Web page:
Two Voices on Abortion Women Are Victims, Says Right-to-Life Head. the Battle between President Bush and Congress over Abortion Counseling Is the Latest Phase of an Intense National Debate. for Wanda Franz, the New President of the National Right to Life Committee, the Central Issue Is a Baby's Right to Be Born. for Faye Wattleton, President of the Planned Parenthood Federation of America, It's a Woman's Right to Control Her Body. in Separate Monitor Interviews, They Describe Their Attitudes and How They Came to Them

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WANDA FRANZ'S odyssey to the leadership of the nation's largest anti-abortion organization began in post-Nazi Germany.

While living there soon after World War II, says the new president of the National Right to Life Committee (NRLC), she saw what happens to a society when it chooses to eliminate an entire class of people.

"It became pretty clear that when you lose respect for any life, you lose respect for life in general," Dr. Franz told the Monitor.

"I think that's what we're doing today. We've chosen a class of people to eliminate, and it affects the whole culture."

But, Franz says, her stand against abortion didn't crystallize until 1971 when, as a developmental psychologist, she was asked to address an anti-abortion group.

Looking at information from countries where the procedure was already legal, she did research on the emotional, psychological, and physical effect of abortion on women who have had them. Her "intellectual decision," she says, was that "this is not healthy."

Early in her own first pregnancy, 22 years ago, her doctor told her she was miscarrying. The diagnosis proved wrong, but Franz learned something: that she had already formed a strong bond with the baby, and that the thought of losing it was devastating. Yes, this was a wanted child - but, she argues, regardless of whether a woman wants to be pregnant, she knows that a new life is forming inside of her.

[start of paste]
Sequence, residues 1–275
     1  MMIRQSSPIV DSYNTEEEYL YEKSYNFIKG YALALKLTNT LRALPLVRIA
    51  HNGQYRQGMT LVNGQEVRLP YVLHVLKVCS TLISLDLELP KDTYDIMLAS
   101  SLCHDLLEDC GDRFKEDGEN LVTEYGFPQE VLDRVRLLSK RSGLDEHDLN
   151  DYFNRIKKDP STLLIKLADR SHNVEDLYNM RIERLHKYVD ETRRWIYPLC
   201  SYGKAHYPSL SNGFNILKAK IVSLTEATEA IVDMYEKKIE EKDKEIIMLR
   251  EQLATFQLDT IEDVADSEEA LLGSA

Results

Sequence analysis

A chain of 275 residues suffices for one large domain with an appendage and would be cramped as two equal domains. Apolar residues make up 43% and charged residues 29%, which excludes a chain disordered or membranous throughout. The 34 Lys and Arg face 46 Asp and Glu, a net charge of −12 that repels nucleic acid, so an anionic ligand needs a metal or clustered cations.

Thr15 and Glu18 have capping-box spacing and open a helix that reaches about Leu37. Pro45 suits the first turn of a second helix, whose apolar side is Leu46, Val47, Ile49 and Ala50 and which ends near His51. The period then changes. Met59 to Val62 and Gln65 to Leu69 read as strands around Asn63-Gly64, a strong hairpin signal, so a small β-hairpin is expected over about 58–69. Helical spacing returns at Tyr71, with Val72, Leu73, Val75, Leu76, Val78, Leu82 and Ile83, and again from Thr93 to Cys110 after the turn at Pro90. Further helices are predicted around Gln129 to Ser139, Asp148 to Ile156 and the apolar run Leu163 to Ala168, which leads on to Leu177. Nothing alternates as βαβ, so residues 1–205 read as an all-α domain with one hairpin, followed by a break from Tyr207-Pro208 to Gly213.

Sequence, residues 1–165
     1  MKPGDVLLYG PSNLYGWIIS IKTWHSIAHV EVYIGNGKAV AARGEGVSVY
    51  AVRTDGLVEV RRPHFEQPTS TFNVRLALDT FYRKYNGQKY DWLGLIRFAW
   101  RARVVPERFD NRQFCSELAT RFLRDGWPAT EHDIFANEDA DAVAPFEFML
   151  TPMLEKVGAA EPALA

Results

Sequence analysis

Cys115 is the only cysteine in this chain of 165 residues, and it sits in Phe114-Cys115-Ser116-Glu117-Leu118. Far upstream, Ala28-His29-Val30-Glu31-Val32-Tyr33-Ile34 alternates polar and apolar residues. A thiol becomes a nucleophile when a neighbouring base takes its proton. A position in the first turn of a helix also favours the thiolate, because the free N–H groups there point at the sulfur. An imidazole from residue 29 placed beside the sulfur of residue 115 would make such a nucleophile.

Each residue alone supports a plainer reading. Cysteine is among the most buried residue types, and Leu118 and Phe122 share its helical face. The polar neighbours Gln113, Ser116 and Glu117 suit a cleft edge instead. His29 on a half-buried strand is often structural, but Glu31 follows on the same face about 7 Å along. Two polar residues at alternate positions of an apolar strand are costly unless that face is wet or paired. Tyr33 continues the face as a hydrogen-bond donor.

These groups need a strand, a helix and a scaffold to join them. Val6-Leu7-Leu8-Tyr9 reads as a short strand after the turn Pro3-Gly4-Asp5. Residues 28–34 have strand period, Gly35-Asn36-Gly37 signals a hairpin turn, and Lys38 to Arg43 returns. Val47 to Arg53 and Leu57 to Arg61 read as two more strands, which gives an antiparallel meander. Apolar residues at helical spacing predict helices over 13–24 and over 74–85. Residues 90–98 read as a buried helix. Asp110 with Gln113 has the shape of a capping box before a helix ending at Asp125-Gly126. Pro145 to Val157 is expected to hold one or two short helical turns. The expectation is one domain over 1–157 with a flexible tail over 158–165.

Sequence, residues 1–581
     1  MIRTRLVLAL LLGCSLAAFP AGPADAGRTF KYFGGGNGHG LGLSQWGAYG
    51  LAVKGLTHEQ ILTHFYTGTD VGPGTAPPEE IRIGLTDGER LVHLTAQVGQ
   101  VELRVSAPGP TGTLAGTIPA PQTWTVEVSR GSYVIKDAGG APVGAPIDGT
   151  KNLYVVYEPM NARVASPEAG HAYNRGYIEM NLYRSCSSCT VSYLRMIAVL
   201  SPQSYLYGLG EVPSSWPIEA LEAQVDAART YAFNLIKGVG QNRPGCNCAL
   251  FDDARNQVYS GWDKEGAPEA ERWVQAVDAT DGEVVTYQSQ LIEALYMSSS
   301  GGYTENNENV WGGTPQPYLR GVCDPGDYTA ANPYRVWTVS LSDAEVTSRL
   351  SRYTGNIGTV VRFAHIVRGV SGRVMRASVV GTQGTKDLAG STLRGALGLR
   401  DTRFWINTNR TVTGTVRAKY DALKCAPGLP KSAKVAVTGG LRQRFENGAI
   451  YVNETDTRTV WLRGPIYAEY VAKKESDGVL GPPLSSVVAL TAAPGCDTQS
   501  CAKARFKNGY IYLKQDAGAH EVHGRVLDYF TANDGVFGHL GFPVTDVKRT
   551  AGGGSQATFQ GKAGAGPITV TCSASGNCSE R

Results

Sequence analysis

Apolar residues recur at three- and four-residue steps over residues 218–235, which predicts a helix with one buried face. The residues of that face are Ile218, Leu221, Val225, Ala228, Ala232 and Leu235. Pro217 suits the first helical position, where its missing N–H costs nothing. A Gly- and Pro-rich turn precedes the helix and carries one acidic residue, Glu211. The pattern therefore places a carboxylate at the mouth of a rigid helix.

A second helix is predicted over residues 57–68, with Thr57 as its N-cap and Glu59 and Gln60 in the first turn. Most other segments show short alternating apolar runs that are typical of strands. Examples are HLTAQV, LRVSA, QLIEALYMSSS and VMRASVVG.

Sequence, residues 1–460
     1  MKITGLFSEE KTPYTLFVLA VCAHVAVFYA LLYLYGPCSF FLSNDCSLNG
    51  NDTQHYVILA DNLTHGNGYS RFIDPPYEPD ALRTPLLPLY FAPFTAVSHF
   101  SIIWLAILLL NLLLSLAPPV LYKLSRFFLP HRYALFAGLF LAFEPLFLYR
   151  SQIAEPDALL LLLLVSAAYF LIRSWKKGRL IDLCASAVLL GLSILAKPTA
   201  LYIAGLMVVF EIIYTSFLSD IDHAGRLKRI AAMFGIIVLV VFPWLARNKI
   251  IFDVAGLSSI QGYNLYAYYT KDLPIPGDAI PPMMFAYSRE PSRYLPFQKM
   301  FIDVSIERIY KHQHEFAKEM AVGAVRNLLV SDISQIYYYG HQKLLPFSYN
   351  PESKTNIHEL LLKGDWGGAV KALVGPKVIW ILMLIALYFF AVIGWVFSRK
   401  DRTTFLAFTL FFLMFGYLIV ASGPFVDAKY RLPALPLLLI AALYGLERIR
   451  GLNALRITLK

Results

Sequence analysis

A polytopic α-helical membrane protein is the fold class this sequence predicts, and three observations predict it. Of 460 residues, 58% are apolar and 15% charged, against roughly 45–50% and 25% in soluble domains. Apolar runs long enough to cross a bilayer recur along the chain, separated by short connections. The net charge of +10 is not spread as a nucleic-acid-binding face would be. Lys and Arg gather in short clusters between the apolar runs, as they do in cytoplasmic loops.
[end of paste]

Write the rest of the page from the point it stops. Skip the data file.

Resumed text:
When a woman decides to abort, "it's an intellectual decision she makes based on all kinds of issues, which is not necessarily in touch with her emotions and with the fact that she is a mother," says Franz. "I think we have got to start recognizing that we become mothers from the time we conceive that child."

Thus, Franz builds her case against abortion not on a religious basis - though she says she is religious - but as a PhD in psychology. When a woman, even a teenager, is faced with a crisis pregnancy, abortion is the most psychologically perilous option she could choose, Franz says.

Franz cites researchers who have concluded that some time after an abortion, often as long as five to seven years, a woman can suffer from something akin to post-traumatic stress disorder, an affliction usually linked to war veterans. As a result, a woman can experience nightmares, flashbacks, crying spells, depression, anxiety, and sexual dysfunction, which can result in substance abuse, according to Franz.

Abortion-rights advocates vehemently dispute this conclusion. Franz herself acknowledges that not enough research has been done, exactly what C. Everett Koop concluded when he was surgeon general of the United States in the 1980s. Dr. Koop recommended a definitive study examining the psychological effect of abortion on women, but it hasn't happened.

"Our opponents don't want to know," Franz asserts. "They're trying to put this under the rug."

The financial and political power of NRLC's opponents comes up often in discussion with the new NRLC president. …


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